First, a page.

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U.S. Was Not the "Only Country" to End Slavery

Suzy Woltmann Suzy Woltmann
1st August 2020
U.S. Was Not the "Only Country" to End Slavery
The U.S. was actually one of the later countries to abolish slavery (Getty Images).

The Claim

The U.S. was the only country to abolish slavery. 

Emerging story

In late July 2020, likely in response to the Black Lives Matter movement, users on social media began posting a claim that “America,” “whites,” and “the West” ended slavery.

Misbar’s Analysis

Misbar’s investigation found that the U.S. actually abolished slavery much later than other countries. England abolished slavery in its colonies in 1833. France abolished slavery in 1848. Mexico abolished slavery in 1829.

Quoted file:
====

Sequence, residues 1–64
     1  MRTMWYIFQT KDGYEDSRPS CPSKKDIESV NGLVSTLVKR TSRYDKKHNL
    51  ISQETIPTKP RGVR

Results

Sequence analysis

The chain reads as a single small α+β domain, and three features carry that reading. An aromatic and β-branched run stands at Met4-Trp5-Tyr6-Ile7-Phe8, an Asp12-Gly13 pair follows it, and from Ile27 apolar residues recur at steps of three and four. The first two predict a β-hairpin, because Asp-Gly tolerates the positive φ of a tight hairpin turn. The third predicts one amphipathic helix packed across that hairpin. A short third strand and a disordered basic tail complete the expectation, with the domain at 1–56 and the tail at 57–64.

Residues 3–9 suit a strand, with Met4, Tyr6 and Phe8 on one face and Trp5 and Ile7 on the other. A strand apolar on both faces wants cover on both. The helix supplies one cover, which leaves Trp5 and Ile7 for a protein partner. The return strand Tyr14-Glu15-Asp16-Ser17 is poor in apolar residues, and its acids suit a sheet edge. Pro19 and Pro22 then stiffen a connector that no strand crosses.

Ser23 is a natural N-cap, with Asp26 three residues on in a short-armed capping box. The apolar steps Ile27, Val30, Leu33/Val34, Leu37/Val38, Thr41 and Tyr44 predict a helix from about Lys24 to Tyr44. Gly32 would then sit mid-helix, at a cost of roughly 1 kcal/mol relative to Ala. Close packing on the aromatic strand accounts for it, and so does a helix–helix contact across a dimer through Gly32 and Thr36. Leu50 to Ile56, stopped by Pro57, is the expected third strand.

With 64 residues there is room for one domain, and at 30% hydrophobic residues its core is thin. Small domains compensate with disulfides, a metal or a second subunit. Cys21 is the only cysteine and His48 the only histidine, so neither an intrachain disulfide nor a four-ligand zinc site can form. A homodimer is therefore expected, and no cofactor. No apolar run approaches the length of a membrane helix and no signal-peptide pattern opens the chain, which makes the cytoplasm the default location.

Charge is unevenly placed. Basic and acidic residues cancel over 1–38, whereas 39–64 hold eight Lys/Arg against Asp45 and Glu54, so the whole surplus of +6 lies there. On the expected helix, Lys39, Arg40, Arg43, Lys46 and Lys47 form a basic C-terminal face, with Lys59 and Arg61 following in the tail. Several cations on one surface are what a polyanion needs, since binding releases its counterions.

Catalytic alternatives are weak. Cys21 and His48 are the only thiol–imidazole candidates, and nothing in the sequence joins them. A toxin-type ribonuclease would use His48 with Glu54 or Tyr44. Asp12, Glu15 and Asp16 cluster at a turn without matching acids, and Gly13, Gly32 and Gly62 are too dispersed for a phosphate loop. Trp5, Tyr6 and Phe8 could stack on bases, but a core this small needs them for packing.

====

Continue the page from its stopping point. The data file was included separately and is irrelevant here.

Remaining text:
However, the U.S. did not abolish slavery until the passing of the 13th Amendment in 1865. The 1863 Emancipation Proclamation freed enslaved people in states that were not part of the Union. 

Part of the claim being circulated is that “white people were slaves, too.” This is false. Some white immigrants came to the U.S. as indentured servants, but they were not enslaved. 

Studies show that most Americans do not know the full story of slavery. 

Since the U.S. was not the only country to abolish slavery, nor the first, the claim is false.

Misbar’s Classification


Misbar’s Sources

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